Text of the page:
Where words come from

Purists of certain languages deplore the infiltration of their language by words of English origin. Although now widely used, some French speakers dislike "le weekend" and "le selfservice"; native German speakers may frown on "downloaden" or "Computer". And they have a point. These languages have perfectly good words of their own to express these concepts.

This article from the BBC website explains how the English language has adopted words of Asian origin into common usage. Stemming from the era of British rule in India, many words are now part and parcel of the language to such an extent that many people may not notice their foreignness, such as "chutney", "pyjamas" and "veranda".  The French have embraced the word "shampoo" with such enthusiasm that they have given it the English suffix of "-ing" (to create a noun, not a verb) - perhaps to show its origins. But the suffix is only half the story.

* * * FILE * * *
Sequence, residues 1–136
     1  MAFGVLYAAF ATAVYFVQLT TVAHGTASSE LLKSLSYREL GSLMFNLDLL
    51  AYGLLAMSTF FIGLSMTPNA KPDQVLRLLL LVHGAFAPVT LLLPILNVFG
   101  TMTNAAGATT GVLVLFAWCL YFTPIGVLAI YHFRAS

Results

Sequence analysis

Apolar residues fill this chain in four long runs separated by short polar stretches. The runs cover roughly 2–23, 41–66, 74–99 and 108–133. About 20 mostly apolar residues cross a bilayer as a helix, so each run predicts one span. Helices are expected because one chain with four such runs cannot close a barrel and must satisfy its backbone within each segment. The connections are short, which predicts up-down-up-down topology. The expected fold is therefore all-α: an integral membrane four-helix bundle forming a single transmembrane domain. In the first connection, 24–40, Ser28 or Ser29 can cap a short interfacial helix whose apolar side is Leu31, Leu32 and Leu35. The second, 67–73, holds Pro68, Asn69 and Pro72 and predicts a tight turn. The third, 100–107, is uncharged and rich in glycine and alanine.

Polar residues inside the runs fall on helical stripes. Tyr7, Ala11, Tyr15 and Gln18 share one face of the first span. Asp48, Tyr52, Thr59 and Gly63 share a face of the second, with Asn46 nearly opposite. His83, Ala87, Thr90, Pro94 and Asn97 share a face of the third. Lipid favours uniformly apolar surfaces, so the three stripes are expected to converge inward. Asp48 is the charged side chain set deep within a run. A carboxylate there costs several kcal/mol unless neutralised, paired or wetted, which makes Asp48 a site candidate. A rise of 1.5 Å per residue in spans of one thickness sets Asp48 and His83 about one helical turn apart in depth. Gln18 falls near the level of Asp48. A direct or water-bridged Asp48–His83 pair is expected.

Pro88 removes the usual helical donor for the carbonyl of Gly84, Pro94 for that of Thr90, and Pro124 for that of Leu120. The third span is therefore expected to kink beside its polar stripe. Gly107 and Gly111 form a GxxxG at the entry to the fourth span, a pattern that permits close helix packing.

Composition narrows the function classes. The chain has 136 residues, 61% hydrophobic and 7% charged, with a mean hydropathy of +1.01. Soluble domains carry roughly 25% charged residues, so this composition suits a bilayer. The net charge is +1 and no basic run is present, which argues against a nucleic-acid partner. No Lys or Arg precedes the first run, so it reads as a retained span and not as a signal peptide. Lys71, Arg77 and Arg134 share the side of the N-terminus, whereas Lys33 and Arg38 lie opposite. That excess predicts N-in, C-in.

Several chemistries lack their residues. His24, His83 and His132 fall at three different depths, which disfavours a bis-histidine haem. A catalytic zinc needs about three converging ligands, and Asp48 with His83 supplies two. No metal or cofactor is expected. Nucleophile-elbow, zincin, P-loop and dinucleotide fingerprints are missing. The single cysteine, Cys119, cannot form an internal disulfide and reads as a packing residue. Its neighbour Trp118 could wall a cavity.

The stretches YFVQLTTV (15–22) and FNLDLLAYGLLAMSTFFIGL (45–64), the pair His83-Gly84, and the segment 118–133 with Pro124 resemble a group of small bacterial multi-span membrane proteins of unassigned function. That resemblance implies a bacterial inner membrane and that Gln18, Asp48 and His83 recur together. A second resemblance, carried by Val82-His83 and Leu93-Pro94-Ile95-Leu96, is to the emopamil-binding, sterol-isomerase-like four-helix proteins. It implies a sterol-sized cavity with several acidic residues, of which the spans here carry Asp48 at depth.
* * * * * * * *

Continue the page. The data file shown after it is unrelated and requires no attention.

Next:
A radio programme exploring this subject further will be broadcast on Friday 13 July on Radio 4 at 11.00 BST. 

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